After Derek Carr led the Raiders to the brink of another victory over the defending Super Bowl champions, Las Vegas coach Jon Gruden described his quarterback as “almost flawless.”
That's almost good enough to beat Patrick Mahomes and the Kansas City Chiefs, but not quite.
Carr went 23 of 31 for 275 yards and three touchdowns with a 119.7 passer rating Sunday night, but Mahomes matched Carr's two scoring drives in the fourth quarter with two of his own. Carr and Gruden were left frustrated after Carr played like the three-time Pro Bowl quarterback he is, only to be outdone by a Super Bowl MVP.
“It’s as good as you can play,” Gruden said. “He had four or five balls that were magnificent throws that we could’ve caught that we didn’t make the play on. He played tremendous tonight.”
Before Sunday, Carr was 21-2 in his career when the Raiders scored 30 or more points, a .913 winning percentage that was fifth-best since 2014 among the 17 quarterbacks with 20 or more starts and 30 or more points scored. The Raiders also have won eight games under Carr when trailing by four or more points in the final two minutes of regulation.
Carr nearly hit all those benchmarks again. Las Vegas was in charge when Carr found Jason Witten at the pylon with 1:43 left for his second TD pass of the fourth quarter, putting the Raiders ahead 31-28.
“I thought Derek Carr was in control and command the entire game,” Witten said.
But Las Vegas’ defense couldn’t stop the Chiefs on their 75-yard winning drive. Mahomes found Travis Kelce alone in the end zone with 28 seconds left.
Carr's 31st pass was intercepted by Daniel Sorensen with 19 seconds remaining, sealing the victory for the Chiefs and avenging their home loss to the upstart Raiders last month.
The final interception wasn’t the reason the Raiders fell to 6-4 and dropped to the seventh spot in the AFC playoff picture.
There were eight penalties by Las Vegas. There was a defense that had key personnel that hadn’t practiced all week because nine players were on the reserve/COVID-19 list, and six weren’t activated until Sunday morning.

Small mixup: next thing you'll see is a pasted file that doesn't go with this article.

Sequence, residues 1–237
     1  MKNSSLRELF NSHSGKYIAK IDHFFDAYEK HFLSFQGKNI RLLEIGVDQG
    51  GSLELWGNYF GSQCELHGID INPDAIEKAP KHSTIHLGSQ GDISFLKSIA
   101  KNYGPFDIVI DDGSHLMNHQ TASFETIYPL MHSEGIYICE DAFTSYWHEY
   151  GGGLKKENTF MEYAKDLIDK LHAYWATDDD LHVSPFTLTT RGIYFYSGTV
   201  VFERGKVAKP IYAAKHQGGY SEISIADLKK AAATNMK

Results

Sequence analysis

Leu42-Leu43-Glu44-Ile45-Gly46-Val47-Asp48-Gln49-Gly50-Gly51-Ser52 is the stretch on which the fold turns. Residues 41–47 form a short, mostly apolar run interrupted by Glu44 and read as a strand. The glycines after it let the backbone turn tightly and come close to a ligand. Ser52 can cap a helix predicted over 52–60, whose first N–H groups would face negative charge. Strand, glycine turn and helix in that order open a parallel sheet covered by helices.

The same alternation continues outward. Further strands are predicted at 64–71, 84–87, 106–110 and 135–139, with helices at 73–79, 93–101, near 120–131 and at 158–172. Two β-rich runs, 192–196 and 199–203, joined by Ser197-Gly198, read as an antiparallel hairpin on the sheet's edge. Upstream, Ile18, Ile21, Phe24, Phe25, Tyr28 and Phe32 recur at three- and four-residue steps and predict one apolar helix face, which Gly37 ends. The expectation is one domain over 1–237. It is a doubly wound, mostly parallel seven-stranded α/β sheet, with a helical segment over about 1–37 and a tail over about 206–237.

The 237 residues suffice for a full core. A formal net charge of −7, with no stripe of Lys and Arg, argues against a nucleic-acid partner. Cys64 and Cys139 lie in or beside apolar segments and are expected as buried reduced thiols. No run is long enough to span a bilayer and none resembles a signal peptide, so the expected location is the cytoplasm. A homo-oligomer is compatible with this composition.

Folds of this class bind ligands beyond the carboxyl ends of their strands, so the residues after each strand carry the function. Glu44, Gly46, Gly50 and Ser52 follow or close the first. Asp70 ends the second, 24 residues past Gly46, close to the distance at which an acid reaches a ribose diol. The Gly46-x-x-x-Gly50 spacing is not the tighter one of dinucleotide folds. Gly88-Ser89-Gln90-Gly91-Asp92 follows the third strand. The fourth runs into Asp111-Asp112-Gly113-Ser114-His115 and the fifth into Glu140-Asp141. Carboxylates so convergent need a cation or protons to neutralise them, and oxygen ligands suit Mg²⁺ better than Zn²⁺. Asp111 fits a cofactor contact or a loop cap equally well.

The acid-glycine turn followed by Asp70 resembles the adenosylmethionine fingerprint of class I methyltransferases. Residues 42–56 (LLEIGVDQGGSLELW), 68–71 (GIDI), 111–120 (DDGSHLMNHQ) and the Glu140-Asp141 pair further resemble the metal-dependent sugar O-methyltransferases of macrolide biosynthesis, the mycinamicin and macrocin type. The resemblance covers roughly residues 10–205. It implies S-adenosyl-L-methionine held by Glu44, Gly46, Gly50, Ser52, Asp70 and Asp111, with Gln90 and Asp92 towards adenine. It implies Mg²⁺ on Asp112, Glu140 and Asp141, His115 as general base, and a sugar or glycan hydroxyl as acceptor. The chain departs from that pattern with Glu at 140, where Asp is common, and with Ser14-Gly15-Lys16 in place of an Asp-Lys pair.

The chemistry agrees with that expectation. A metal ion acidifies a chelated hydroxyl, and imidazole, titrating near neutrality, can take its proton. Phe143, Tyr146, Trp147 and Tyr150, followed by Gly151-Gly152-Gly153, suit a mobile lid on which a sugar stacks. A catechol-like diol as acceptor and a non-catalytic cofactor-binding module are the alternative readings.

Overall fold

And there were several dropped balls that Gruden mentioned, but Carr refused to blame anyone.
“I’ve missed a lot of passes in my life, and I try to react the same way I’d want them to react to me,” said Carr, who surpassed 25,000 career yards passing on the Raiders’ first touchdown drive in the first quarter. “If it’s (to) challenge them, challenge them. If it’s (to) pick them up, pick them up. You try to read their demeanor. That’s why you have relationships with the guys, and you understand what makes them click.”
Fact is, they’ve been clicking most of the season. Carr is starting to find the form from his best season in 2016, and he's doing it for the first time under Gruden.
Carr, who passed for a career-high 4,054 yards in 2019, has thrown for 2,431 yards this year and is on pace to have a shot at his third 4,000-yard season in four years with a slight uptick in production over the final six games. But he is also leading a much more diverse offense and taking charge of a young group of players feeding off his emotion.
“His confidence is on another level, and I love that he’s taking chances and taking risks and standing in there and making tough throws,” tight end Darren Waller said.
Now more mature — the “old guy in the group,” as he put it after the loss — Carr knows his place when the team is either pushing the tempo in a shootout, like Sunday against the Chiefs, or in a ground-and-pound struggle like the Raiders endured during a 16-6 win in Cleveland on Nov. 1.
“This is the best offense I’ve ever been a part of,” Carr said. “I say it every week, but we can win in different ways. We can smash them with the run game, or we can do a shootout. We’re proving that over time. ... Today it wasn’t enough.”
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